As modern businesses become more digital and their data transmission requirements grow ever larger, it's easy to see why ordinary, copper telecommunications cabling is falling behind -- after all, these cables were originally designed to carry only telephone signals, a much simpler prospect than the complex data transmission needs of tools and equipment connected to the internet.
As such, copper cables all across the cables are being replaced by more modern fibre optic cables, and the benefits these modern telecommunications cables provide speak for themselves. Here are some of the key advantages of replacing our outdated copper cables with fibre optics:
High bandwidth capacity
In layman's terms, the bandwidth of a telecommunications cable refers to the amount of data it can process and transmit at any one time. The bandwidth of traditional copper cables is quite large but nonetheless limited, making it unsuitable for transmitting very large packets of data such as multimedia documents and 3D images created with CAD software.
Fibre optic cables, on the other hand, have a maximum bandwidth many times greater than than of copper cabling -- so high, in fact, that its upper limits have not yet been conclusively defined. As such, installing fibre optic cabling ensures that all your data transmission needs are handled quickly and effectively, while making sure your business is well future-proofed against future technological advances.
Greater maximum transmission distances
Copper cables suffer from a certain amount of interference, created by the electrical resistance and attenuation offered by the copper itself. Fibre optic cables have far less of this signal-damaging interference to deal with, since they are made from glass fibres and use beams of light to transmit data and messages.
This transmission method allows fibre optic cables to transmit data over far longer distances before it becomes unusable due to excessive interference. As you can imagine, this is an incredible boon for businesses which require instant data parity across a wide area, such as financial services and communications providers. Efficient data transmission also allows you to spend less money on signal boosters and other equipment designed to supplement the long-distance transmission abilities of copper cabling.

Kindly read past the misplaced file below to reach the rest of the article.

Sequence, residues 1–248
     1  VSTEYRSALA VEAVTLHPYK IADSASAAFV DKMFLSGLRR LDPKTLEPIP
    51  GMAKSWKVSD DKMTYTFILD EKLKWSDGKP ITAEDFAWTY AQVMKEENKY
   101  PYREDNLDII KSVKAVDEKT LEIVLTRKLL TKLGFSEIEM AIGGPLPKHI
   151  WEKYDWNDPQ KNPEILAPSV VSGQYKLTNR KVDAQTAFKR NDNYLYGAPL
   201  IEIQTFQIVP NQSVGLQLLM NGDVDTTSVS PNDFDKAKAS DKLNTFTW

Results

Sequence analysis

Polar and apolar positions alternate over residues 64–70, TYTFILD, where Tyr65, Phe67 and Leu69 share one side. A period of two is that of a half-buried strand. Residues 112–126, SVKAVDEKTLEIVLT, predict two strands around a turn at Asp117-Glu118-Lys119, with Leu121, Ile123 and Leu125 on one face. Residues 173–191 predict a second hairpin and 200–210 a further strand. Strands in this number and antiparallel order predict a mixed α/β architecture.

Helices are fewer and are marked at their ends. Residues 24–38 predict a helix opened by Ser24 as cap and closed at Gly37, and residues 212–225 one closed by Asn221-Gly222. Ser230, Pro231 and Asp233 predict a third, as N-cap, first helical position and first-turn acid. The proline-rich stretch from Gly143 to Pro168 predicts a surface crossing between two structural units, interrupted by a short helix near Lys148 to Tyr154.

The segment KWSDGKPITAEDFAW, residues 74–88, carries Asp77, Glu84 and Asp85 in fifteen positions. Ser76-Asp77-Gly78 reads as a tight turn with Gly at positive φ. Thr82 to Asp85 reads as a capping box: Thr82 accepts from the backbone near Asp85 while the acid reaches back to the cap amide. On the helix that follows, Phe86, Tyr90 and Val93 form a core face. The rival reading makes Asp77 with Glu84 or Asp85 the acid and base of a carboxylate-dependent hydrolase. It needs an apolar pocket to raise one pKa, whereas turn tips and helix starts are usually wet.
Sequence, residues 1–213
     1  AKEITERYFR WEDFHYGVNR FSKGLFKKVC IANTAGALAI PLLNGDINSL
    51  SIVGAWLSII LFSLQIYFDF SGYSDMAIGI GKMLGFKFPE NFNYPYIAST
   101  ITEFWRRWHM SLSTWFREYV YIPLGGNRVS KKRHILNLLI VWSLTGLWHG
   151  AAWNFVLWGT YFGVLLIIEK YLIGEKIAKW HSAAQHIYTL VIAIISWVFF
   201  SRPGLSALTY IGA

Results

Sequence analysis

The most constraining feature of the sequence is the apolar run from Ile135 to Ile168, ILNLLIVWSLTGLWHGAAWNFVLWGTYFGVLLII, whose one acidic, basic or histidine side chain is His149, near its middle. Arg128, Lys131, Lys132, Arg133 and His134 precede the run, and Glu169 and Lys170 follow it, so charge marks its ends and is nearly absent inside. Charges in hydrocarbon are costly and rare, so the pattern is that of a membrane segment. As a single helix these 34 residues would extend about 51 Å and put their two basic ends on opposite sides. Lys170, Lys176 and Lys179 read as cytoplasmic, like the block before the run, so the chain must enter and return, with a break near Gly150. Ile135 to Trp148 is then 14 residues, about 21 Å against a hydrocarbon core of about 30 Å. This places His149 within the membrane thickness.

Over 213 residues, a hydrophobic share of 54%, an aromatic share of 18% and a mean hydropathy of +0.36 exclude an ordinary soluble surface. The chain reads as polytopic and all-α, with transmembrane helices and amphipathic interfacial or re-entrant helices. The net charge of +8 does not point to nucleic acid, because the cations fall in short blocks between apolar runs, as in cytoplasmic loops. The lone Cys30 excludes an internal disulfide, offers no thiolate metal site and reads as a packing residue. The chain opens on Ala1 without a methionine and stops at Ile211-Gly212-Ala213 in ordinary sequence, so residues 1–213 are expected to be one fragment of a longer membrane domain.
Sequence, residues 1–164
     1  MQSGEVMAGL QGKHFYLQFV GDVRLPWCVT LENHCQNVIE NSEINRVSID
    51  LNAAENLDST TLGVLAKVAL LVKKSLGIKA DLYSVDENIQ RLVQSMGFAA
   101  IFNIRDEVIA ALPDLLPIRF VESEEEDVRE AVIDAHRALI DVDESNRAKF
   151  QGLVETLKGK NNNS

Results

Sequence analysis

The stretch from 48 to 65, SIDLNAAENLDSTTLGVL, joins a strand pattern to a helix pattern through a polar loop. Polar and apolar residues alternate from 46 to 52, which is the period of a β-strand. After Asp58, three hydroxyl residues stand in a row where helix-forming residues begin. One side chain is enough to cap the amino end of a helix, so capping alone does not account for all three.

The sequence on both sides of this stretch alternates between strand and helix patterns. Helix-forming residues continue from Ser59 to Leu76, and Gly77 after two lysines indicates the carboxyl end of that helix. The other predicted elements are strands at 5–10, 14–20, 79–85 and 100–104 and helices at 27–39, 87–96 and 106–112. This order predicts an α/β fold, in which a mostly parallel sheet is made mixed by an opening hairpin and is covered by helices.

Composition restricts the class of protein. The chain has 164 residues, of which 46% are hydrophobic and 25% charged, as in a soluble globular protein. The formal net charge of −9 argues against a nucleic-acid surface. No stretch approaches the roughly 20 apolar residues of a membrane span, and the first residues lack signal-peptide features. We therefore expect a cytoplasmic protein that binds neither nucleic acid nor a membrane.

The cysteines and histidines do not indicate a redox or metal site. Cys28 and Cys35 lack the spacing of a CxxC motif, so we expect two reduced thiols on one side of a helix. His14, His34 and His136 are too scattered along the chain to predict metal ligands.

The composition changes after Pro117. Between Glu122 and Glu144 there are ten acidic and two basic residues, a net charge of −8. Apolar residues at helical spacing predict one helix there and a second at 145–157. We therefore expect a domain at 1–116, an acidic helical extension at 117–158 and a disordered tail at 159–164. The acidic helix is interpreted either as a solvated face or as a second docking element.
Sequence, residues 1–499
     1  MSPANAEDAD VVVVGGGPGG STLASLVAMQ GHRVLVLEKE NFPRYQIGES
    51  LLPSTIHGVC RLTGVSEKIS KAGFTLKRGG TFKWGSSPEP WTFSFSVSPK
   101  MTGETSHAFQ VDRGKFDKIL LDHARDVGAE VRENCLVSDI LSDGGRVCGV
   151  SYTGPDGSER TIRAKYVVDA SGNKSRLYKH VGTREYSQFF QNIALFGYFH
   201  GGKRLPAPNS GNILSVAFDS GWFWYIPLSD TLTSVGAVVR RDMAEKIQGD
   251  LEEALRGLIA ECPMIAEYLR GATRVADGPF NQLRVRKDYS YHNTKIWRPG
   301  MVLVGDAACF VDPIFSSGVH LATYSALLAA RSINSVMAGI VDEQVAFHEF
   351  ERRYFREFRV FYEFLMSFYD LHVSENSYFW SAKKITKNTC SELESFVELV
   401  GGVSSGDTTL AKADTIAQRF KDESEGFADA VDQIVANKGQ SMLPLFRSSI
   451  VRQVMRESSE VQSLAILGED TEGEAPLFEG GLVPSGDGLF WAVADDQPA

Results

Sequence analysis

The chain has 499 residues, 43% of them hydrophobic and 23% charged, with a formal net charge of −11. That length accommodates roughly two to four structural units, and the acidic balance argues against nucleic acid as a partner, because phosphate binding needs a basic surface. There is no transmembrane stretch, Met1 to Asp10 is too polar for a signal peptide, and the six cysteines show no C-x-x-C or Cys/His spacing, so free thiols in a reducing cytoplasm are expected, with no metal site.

A fibre optic cable designed to carry a certain amount of data is much smaller in diameter than a copper cable with equivalent data transmission capabilities. It is also lighter, and modern advances in fibre cutting technology have made terminating fibre optic cables almost as easy as terminating their copper cousins.
As a result, installing fibre optic cabling in your business premises can free up a great deal of space in cabling ducts, and reduces your need for large, bulky switchboards and server cabinets. Creating additional space you didn't know you had on your business premises can be a great financial boon, while your IT department and maintenance workers will appreciate how light and easy to work with fibre optic cables can be.
No scrap value
With a turbulent economy massively increasing the value of scrap metals such as copper, copper telecommunications cables are increasingly falling victim to scrap metal theft. a damaging and expensive problem that can cause significant periods of downtime and loss of connectivity. Fibre optic cables contain no valuable metals, and the glass they do use has very little resale value, discouraging metal thieves from targeting your valuable telecommunications infrastructure.